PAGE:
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Two Great Canadian Female Composers


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When Another Timbre released its groundbreaking ten-album Canadian Composers Series in 2017 and 2018, the record label made a subtle point by including two albums each from composers Linda Catlin Smith and Cassandra Miller. Smith's album Dirt Road had already been issued by the label in 2016, but Miller's two albums in the series—O Zomer! and About Bach—were her very first. During a Lifetime by Toronto-born Berlin resident Chiyoko Szlavnics ensured the series had a 50/50 gender balance.

Of course, as demonstrated by the booklet accompanying the series, the composers' genders were not an issue, but their nationality was: the point was to highlight the number and variety of under-recognized Canadian composers, a point emphasized by the booklet's list of those not included in that first series but who should be part of any future series.

Linda Catlin Smith
Another Timbre

Ballad brings Smith's tally of releases on Another Timbre to a respectable four. The album's two tracks, totaling 56 minutes, were recorded in March 2021 at Goldsmiths Music Studio in London. "Through the Low Hills" and "Ballad" date from 1994 and 2005, respectively. The explanation for this apparent dusting down of archived pieces is that they both feature piano and cello and were composed for Smith's classical cellist brother, Andrew. His own world premiere concert version of "Ballad," with Eve Egoyan on piano, was released on Maria de Alvear World Edition in 2010.

The two pieces on this release differ in intent. For the 45-minute "Ballad," Smith was extending herself into a longer work to make a piece that could be an entire concert. For the ten-minute "Through the Low Hills," she was working with a very restricted vocabulary, "a process of constrained variation."

In the capable hands of Anton Lukoszevieze's cello and Kerry Yong's piano, the two pieces sound as if they were written to be played together. Each work savors the combined sounds of the two instruments complementing one another in a tranquil soundscape. As Smith has said of the title piece, "In the end, it is a ballad about the cello and the piano, and the way I hear them together."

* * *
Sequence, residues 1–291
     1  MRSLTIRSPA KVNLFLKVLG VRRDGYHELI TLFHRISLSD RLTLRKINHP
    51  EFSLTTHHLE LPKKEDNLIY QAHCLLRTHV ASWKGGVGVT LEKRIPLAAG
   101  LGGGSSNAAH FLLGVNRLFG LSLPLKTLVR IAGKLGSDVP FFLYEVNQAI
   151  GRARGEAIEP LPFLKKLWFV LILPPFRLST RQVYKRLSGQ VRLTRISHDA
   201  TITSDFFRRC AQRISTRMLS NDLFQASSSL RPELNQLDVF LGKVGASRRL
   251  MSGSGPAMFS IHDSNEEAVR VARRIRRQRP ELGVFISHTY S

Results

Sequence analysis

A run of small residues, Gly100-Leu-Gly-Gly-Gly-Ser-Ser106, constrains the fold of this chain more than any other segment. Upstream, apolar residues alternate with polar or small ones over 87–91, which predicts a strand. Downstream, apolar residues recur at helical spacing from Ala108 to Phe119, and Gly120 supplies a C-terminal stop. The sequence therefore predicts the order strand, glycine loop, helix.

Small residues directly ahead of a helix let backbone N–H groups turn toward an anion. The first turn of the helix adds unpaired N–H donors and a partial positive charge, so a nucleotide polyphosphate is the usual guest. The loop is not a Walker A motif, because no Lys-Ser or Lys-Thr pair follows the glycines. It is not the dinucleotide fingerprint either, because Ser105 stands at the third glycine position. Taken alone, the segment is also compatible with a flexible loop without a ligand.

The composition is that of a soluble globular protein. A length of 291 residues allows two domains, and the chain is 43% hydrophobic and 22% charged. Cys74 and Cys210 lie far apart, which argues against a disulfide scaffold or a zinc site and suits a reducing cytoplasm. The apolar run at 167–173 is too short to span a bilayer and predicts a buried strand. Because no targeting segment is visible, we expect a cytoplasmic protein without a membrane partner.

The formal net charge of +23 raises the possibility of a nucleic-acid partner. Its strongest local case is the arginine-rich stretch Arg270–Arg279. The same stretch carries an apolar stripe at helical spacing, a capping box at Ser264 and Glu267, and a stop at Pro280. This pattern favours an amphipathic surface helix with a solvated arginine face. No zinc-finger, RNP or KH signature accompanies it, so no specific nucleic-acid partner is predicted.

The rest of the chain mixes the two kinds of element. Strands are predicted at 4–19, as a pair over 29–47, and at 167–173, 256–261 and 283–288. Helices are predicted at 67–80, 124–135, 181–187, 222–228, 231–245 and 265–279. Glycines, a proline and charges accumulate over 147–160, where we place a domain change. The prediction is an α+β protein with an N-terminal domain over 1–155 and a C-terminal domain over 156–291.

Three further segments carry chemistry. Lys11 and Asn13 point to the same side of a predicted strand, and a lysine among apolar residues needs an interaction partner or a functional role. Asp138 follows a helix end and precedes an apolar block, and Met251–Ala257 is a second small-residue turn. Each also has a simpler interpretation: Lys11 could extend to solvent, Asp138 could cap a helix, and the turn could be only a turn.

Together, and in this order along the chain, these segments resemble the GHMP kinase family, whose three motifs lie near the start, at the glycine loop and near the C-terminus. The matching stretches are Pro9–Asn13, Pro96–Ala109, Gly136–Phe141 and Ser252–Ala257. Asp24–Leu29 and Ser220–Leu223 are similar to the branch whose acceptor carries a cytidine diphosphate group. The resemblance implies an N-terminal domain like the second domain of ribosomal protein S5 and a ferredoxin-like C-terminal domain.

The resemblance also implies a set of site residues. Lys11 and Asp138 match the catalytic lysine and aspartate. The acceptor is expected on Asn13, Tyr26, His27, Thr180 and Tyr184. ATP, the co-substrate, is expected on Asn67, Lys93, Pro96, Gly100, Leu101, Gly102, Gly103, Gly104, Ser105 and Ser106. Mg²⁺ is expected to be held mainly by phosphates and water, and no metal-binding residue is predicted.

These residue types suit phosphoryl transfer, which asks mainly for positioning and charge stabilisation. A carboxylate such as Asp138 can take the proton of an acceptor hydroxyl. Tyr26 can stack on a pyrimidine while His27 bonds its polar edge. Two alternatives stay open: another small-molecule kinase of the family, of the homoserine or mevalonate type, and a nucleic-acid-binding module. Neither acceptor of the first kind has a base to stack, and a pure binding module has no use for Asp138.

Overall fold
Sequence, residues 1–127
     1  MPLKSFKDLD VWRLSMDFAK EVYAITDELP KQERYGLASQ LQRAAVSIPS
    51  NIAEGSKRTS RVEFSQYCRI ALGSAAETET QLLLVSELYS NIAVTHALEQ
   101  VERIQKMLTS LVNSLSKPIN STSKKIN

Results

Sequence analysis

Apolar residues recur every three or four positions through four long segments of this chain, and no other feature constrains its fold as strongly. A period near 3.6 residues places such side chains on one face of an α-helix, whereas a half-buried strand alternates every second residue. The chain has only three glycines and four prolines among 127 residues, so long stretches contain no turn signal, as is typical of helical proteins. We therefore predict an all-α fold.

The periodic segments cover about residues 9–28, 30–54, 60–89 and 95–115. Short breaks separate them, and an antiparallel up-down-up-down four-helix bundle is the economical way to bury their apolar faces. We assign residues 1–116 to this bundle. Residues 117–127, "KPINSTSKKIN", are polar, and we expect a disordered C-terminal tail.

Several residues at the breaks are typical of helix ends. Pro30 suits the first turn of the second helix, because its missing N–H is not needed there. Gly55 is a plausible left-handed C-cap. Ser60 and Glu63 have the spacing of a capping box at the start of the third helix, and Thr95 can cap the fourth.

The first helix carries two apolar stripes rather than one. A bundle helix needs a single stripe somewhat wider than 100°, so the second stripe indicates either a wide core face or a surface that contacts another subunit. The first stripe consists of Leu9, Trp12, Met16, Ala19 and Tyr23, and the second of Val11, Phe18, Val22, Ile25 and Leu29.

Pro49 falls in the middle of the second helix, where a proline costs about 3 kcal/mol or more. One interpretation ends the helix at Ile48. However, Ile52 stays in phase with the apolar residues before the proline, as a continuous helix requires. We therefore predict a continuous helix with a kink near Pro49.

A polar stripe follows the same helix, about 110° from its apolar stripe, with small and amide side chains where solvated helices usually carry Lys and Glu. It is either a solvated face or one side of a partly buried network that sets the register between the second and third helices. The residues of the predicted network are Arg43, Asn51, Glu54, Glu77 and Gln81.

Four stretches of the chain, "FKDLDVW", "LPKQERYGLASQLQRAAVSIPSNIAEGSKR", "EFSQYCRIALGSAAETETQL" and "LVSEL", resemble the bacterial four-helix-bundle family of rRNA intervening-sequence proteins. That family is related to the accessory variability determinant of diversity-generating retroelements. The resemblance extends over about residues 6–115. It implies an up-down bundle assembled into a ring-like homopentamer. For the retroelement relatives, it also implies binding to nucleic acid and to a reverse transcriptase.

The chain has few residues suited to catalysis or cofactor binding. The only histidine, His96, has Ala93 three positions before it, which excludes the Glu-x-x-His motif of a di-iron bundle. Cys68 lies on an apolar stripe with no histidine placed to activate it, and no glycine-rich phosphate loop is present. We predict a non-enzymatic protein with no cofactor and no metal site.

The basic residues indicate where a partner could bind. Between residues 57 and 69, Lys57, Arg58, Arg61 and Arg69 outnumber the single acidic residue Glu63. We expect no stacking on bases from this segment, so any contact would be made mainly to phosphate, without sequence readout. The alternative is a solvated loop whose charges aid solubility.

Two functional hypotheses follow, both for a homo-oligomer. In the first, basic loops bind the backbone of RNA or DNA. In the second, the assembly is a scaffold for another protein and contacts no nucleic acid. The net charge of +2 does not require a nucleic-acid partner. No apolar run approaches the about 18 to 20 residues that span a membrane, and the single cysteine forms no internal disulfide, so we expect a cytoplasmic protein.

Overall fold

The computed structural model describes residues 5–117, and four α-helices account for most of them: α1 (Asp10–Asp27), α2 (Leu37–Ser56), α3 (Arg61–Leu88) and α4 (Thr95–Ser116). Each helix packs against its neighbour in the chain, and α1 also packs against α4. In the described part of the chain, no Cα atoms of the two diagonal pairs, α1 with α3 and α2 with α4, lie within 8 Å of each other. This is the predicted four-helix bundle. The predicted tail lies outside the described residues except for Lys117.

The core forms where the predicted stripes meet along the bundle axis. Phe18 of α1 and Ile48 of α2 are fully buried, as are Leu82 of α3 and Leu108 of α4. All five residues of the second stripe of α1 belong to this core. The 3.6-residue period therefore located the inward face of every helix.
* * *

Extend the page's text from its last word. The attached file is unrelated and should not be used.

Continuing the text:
Intriguingly, Andrew Smith's 2010 "Ballad" assigned titles to subsections of the piece. "As Though With Eyes Closed" and "Whistling In The Dark" hinted at the music's sense of relaxation. No such titles are used in this newer version; none are needed as the music conveys such moods effortlessly.

Barbara Monk Feldman
Another Timbre

In the Canadian Composers Series booklet, Barbara Monk Feldman was listed as good enough to appear in any future composers series. Monk Feldman studied composition at Montreal's McGill University in the early '80s and earned a Master of Music degree. At the University of Buffalo from 1984 to 1987, she studied with Morton Feldman (whom she later married) and earned her PhD on the Edgard Varèse Fellowship.

Despite having a successful academic career and composing many pieces that have been performed around the world, Monk Feldman has a relatively small discography, which makes Verses a particularly welcome release. The album's five pieces vary in length from under five minutes to over thirty. All were composed between 1988 and 1997.

As with the album above, the compositions seem well-selected to fit with the musicians. The formidable duo GBSR, comprising percussionist George Barton and pianist Siwan Rhys were impressive on Oliver Leith's Good Day Good Day Bad Day Bad Day (Another Timbre, 2020). For this release, the duo is joined on one track by Apartment House violinist Mira Benjamin. Two tracks feature Rhys alone on piano, "Verses for Vibraphone" has Barton alone, and the opener is "Duo for Piano and Percussion." On each track, the quiet restraint of Monk Feldman's music is conveyed sympathetically by the two; it feels as if they have totally understood the composer's intentions.

The lion's share of Verses is taken up by the 31-minute trio piece "The Northern Shore." The Barton-Benjamin-Rhys trio proves just as suited to Monk Feldman as before. Sounding in touch with each other's instincts, they give a performance that will be hard to better. Verses is highly recommended for those who are already Monk Feldman aficionados or those who wish to discover her music.

Tracks and Personnel


Tracks: Through the Low Hills; Ballad.

Personnel: Anton Lukoszevieze: cello; Kerry Yong: piano.


Tracks: Duo for Piano and Percussion; Verses for Vibraphone; The I and Thou; The Northern Shore; Clear Edge.

Personnel: George Barton: percussion (1—2, 4); Siwan Rhys: piano (1, 3—5); Mira Benjamin: violin (4).

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